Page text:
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Opinion

Opinion: Obama leaves Athens without a lasting message

Outgoing US President Barack Obama spoke of debt relief for Greece, made a plea for democracy and recited a few quotes in Greek. It wasn't enough to inspire, writes DW's Max Hoffman.

In his second term, the outgoing US president has grown fond of fundamental considerations. Now, at press conferences, his responses are long and philosophical. His speech in Athens, perhaps the last he will make as US president on European soil, fit the pattern perfectly. All in all, it was about democracy and his steadfast belief in the democratic political order. The problem is that its present form is doomed to failure, as some of its most important traits, achievements and outgrowths are now attacking their own foundations.

1.   Free Press

Almost like a schoolteacher, Barack Obama explained to his audience why free press is so important for democracy. He told them that the press exposes wrongdoing and makes politicians accountable - basically, he explained what the fourth estate does.

The problem in today's media landscape is that opinion sites, like "Breitbart", for example, acting under the guise of free press, no longer serve this purpose. Actually, the opposite holds true: They are contributing to the fall of democracy, as they do not foster the formation of democratic opinions, but instead, torpedo democracy with falsehoods and agitation.

Now, more than ever, free press must follow the principles of quality journalism (balance, maintaining objectivity, truth, and the separation of facts and fiction). If social media outlets like Facebook, where Breitbart and others are active, do not actively pursue these principles, then the democratic state must force them to. Is this Obama's way of dealing with digital demons? Wrong!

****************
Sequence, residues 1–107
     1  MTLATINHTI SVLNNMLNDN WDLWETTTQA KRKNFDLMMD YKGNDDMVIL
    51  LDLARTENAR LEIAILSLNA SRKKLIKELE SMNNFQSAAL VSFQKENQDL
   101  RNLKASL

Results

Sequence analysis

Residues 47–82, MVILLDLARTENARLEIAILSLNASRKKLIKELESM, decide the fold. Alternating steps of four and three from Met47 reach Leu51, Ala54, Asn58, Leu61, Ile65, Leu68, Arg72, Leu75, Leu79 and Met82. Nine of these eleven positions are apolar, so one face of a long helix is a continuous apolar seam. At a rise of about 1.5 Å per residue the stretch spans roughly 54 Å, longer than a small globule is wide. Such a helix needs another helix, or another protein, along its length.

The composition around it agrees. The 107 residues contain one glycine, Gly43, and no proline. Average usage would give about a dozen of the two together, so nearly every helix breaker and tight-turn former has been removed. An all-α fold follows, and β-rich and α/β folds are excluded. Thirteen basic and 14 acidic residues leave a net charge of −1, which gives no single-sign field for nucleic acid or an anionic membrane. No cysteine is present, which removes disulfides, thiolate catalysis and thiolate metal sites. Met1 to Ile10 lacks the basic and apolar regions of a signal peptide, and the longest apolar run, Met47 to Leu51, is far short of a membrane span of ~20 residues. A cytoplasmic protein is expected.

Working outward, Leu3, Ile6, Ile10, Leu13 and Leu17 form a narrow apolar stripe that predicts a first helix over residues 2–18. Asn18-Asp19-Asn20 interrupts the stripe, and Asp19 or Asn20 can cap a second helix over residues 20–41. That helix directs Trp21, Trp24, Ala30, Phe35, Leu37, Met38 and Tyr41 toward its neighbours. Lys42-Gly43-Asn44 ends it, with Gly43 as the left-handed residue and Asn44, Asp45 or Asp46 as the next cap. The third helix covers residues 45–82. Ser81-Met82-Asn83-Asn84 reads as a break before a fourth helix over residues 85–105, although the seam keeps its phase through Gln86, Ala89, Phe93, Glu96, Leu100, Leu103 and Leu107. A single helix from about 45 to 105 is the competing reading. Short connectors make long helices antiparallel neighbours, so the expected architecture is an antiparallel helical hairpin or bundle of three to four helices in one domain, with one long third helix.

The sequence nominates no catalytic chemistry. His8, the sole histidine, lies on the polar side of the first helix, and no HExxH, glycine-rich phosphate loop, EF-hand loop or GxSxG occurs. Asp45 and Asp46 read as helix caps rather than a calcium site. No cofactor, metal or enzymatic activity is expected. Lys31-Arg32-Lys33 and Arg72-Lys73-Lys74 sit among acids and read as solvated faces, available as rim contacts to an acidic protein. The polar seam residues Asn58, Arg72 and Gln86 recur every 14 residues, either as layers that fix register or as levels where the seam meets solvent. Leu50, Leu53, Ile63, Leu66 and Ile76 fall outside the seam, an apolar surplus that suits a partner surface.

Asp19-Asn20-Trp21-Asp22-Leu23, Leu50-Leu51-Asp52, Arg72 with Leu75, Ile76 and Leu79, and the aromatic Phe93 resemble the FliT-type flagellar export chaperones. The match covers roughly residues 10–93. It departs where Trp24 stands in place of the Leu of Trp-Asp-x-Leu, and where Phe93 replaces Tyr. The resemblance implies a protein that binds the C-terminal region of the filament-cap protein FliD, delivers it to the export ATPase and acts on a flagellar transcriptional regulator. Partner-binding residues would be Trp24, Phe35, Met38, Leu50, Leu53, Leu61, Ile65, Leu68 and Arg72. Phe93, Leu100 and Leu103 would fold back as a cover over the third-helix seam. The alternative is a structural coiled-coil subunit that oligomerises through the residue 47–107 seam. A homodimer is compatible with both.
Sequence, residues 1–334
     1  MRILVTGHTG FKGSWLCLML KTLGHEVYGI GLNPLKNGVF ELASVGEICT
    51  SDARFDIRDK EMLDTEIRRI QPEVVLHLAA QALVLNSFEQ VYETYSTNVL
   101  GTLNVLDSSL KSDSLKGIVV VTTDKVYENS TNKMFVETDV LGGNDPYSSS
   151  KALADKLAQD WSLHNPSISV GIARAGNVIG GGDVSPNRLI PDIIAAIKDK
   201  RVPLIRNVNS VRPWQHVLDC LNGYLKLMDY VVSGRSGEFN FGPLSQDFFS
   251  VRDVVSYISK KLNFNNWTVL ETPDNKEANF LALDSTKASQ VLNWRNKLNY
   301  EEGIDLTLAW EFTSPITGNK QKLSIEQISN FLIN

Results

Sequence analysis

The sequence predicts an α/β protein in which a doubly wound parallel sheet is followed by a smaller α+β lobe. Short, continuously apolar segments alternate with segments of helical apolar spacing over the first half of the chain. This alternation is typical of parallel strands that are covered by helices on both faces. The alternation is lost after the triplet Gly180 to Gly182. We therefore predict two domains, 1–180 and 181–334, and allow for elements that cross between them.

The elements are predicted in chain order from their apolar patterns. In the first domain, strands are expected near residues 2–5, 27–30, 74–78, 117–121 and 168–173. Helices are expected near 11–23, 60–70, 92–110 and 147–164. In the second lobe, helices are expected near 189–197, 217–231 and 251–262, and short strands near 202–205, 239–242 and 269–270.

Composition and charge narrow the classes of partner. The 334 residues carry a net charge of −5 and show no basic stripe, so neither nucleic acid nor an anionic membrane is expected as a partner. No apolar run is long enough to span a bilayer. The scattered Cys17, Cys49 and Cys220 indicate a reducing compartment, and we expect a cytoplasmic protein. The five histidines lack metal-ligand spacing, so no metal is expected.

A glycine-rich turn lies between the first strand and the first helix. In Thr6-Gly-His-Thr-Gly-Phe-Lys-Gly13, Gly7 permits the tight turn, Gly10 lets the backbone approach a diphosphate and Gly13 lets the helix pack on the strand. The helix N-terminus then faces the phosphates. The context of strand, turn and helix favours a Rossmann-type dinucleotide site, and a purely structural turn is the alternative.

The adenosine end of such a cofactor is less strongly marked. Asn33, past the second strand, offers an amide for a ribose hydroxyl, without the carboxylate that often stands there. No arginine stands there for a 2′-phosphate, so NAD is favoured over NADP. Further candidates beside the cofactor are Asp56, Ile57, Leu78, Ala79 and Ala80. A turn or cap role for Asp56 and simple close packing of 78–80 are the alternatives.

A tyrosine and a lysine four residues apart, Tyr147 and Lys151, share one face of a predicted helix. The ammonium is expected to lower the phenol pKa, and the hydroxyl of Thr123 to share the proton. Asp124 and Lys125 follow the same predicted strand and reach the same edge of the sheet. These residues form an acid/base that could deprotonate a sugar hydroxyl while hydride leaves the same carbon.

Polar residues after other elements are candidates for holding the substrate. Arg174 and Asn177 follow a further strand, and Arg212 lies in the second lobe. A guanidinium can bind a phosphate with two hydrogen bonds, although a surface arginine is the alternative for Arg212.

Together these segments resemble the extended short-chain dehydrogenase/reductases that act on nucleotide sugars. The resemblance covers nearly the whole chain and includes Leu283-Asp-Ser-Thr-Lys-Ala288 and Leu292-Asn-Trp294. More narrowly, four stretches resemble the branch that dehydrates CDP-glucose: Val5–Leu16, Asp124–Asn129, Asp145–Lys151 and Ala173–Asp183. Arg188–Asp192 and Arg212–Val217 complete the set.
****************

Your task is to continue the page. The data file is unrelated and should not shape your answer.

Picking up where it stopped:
2.   Globalization

The US president briefly outlined one of the greatest problems of our times: Many people have the feeling that only "those in high positions" benefit from globalization. Just recently, this tendency was strikingly clear when the Belgian state of Wallonia protested against the European-Canadian free trade agreement CETA. Obama suggests that "people have to know that they're being heard." With all due respect, collective psychotherapy won't get us anywhere.

We are at the beginning of a new era. In the coming years, millions of people worldwide will lose their jobs because of digitalization, automation and artificial intelligence. Globalization will intensify this development. People are afraid and react by taking to nationalism. What is really needed now is a discussion about a new social order: How do we ensure that human beings remain at the heart of developments, even if they can no longer compete with robots? How will people make a living, if it is not a given that they can support themselves simply because there are not enough jobs to go around? A few more thoughts on the president's part would have been very welcome.

3.   It'll be OK with Trump

That is not what Obama actually said but it was his message. "American democracy is better than one person," he said. He also told his audience, "There is no weakening of resolve when it comes to maintaining a strong and robust NATO relationship."

The problem is that Obama does not speak for Trump, who is not at all interested in providing reassurance. The outgoing president missed the opportunity to give Europeans a kick in the behind. It's all well and good that Obama continues to view European integration as one of the greatest "achievements of human history," but at the moment, this achievement is on the path to self-destruction. The message could have been, for example, "Do something Europe! Believe in your strength; invest in your own security." He would not have contradicted his successor, who will probably not hesitate to make such demands.

Ultimately, like almost all politicians in the West, Barack Obama has failed to explain the advantages of our current democratic order in a simple and comprehensible manner. For many people, the world with its multinational organizations, unclear free trade treaties and unstoppable digital development has become too complex. People withdraw back into their comfort zones and listen to simple populist explanations about the world. Obama did not manage to counter this development, or offer a lasting message in his last major European appearance.

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